For the first time in a long time, nearly every part of the country, especially those with skiing and snowboarding resorts, has snow on the ground. Natural snow always brings skiers and snowboarders out flocking to the slopes. In some places, there might be just a little too much of it. Long lift lines and avalanches are becoming commonplace.
The current trans-America storm, that is pummeling the Northeast the first week of February got its start on the west coast. California’s Mammoth Mountain has reported nearly ten feet of snow (more than 110 inches) in ONE DUMP! Almost hard to imagine! It was enough to almost cover the chairlift seats.
Sadly, the heavy and sudden accumulation had its consequences. A 52 year-old Southern California man was found upside down in the snow during the blizzard. Other resort guests were already working to dig the skier out when the patrol arrived. The Oceanside (CA) man was taken to the Mammoth Hospital where he was pronounced dead.
A little further east, the Utah Avalanche Center had already extended its avalanche warning to the Provo mountains, where a man was buried up to his neck by a slide at Sundance. The 21-year old local man’s ski came off and slid under a rope into closed off terrain. Once the skier was in the roped off area, an avalanche came down around the skier. He survived. Recently sill another person went missing in the Park City area.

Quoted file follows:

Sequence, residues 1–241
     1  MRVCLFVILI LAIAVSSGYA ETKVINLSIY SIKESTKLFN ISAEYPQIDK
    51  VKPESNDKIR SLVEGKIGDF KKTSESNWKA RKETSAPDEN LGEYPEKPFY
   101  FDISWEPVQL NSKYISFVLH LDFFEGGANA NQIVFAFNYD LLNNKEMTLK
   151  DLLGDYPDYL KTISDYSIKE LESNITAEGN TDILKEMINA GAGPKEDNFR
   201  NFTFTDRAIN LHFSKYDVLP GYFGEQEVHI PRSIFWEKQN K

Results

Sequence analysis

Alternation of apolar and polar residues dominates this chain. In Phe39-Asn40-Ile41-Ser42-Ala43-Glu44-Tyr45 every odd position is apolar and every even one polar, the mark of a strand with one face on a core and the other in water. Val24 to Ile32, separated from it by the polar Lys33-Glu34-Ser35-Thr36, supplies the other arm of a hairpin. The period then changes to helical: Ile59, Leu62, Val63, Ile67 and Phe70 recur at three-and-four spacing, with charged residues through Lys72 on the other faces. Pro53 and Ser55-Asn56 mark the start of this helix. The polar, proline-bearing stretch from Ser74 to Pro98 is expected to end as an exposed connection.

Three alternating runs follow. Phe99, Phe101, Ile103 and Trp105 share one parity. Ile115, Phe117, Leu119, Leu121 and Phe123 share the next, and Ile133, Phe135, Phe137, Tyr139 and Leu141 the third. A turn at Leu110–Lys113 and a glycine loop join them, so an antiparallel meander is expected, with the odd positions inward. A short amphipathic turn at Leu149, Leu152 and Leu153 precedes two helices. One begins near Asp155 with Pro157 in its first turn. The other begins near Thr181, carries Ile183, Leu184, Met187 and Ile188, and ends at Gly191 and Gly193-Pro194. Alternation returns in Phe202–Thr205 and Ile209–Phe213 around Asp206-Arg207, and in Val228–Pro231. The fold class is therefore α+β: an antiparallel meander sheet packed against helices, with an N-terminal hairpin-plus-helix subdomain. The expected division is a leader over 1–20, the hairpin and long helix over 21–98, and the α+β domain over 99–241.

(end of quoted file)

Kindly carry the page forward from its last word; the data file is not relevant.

On the East coast, a skier recently survived after getting buried in an avalanche on Mount Washington, NH, according to a report in the trade publication The Snow Industry Letter. The skier lost his skis and poles. When the flow stopped, he was face down, but with his head near the surface. His body was buried and he was unable to move other than to raise his head to breathe. His companion could not see him and so skied away to seek help. Bystanders started digging and were later joined by locals and snow rangers. The pair did not have avalanche beacons, probes or shovels, which are all recommended for people skiing in the area.
In reality, few recreational skiers and snowboarders would be dealing with avalanche control nor would they experience one. In various parts of the country, lift lines are another thing. From Sun Valley (ID) to Whitetail (PA) skiers are snowboarders are posting photos on Facebook of the throngs with some having a little fun by including Bernie Sanders memes (Relaxing in a Mt Snow line). Good to have a sense of humor.
Covid may have deterred some from venturing out to the mountains. However plenty are taking advantage of “good health” related experiences of being outdoors and getting exercise during the winter months.
What has been YOUR experience?
I made the decision to not try and violate VTs rules and was quoted in a major National News paper stating just that. As a resident of Pennsylvania managing through COVID has been hard with our weak and unbalanced state government . In PA no commitments (with any teeth or enforcement ) was made to real social distancing .. so since my vacation home is 1 hour from New York State’s Hunter Mtn; Platekill; Wyndham and Belleayre I decided to ski in a state that required capacity control not just on lift lines on inside the lodge but on ticket sales … I chose a “Ski3 Card” with NY ORDA which gets me access to Belleayre; Gore & Whiteface …besides guaranteeing me access the card provides discounts of 50% off on weekdays ;20% on weekends… and your sixth day is free.. it’s a huge win- unless you try and book without one-no weekend access foe the season … but New York unlike Penna will ensure i ride alone on the lift and gondola.. and everything is RFID touch less… until yesteday ; I have ski’d 19 times and had no lift lines or issues parking …, at this point given the sheer scale of Pennsylvania Hills and the lack of any government support I don’t see the need to ever ski in this state again…
Thanks for your comments Bruce. One has to do what is best, right?